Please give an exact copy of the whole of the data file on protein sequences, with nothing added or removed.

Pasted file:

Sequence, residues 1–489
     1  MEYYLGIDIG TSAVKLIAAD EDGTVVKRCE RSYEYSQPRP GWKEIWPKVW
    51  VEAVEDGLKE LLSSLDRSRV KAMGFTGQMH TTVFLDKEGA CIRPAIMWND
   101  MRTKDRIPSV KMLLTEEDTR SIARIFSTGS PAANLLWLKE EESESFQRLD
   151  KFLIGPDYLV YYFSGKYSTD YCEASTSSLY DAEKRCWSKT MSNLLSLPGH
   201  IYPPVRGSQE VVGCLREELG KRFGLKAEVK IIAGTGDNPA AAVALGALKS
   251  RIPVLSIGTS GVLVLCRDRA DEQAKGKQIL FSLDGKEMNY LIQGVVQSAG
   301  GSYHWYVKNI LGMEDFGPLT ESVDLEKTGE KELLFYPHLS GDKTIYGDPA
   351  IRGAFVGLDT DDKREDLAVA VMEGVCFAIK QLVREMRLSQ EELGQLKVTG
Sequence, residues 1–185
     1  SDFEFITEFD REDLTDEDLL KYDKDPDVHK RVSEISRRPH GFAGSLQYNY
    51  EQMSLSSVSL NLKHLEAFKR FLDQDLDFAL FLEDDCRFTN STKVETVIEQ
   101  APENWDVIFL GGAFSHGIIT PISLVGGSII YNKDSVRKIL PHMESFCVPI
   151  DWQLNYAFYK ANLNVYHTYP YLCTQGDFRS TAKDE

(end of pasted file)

Sequence, residues 1–489
     1  MEYYLGIDIG TSAVKLIAAD EDGTVVKRCE RSYEYSQPRP GWKEIWPKVW
    51  VEAVEDGLKE LLSSLDRSRV KAMGFTGQMH TTVFLDKEGA CIRPAIMWND
   101  MRTKDRIPSV KMLLTEEDTR SIARIFSTGS PAANLLWLKE EESESFQRLD
   151  KFLIGPDYLV YYFSGKYSTD YCEASTSSLY DAEKRCWSKT MSNLLSLPGH
   201  IYPPVRGSQE VVGCLREELG KRFGLKAEVK IIAGTGDNPA AAVALGALKS
   251  RIPVLSIGTS GVLVLCRDRA DEQAKGKQIL FSLDGKEMNY LIQGVVQSAG
   301  GSYHWYVKNI LGMEDFGPLT ESVDLEKTGE KELLFYPHLS GDKTIYGDPA
   351  IRGAFVGLDT DDKREDLAVA VMEGVCFAIK QLVREMRLSQ EELGQLKVTG
Sequence, residues 1–185
     1  SDFEFITEFD REDLTDEDLL KYDKDPDVHK RVSEISRRPH GFAGSLQYNY
    51  EQMSLSSVSL NLKHLEAFKR FLDQDLDFAL FLEDDCRFTN STKVETVIEQ
   101  APENWDVIFL GGAFSHGIIT PISLVGGSII YNKDSVRKIL PHMESFCVPI
   151  DWQLNYAFYK ANLNVYHTYP YLCTQGDFRS TAKDE